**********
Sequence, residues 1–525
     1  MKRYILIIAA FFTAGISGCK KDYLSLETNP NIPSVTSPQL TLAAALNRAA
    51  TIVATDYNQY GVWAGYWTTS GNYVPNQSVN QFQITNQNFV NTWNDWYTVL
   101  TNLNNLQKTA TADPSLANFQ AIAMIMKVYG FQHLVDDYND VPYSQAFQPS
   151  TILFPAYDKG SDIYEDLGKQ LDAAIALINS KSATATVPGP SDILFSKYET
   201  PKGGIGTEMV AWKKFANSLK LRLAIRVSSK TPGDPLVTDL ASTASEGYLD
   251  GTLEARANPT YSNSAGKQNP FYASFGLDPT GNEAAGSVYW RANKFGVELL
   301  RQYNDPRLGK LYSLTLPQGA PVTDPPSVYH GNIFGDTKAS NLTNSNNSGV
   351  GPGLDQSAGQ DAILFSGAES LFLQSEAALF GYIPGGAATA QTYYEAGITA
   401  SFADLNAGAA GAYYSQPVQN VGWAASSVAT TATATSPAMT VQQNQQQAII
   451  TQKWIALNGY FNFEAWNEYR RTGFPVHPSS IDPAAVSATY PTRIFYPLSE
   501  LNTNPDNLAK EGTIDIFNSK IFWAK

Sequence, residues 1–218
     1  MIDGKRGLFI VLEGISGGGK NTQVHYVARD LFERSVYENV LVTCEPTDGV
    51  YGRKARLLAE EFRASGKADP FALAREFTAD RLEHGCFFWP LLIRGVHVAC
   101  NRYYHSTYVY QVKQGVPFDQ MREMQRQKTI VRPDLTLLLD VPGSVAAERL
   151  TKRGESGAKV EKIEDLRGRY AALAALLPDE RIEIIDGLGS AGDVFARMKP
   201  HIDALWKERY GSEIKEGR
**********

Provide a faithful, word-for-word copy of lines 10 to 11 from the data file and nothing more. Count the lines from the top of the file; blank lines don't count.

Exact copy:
   401  SFADLNAGAA GAYYSQPVQN VGWAASSVAT TATATSPAMT VQQNQQQAII
   451  TQKWIALNGY FNFEAWNEYR RTGFPVHPSS IDPAAVSATY PTRIFYPLSE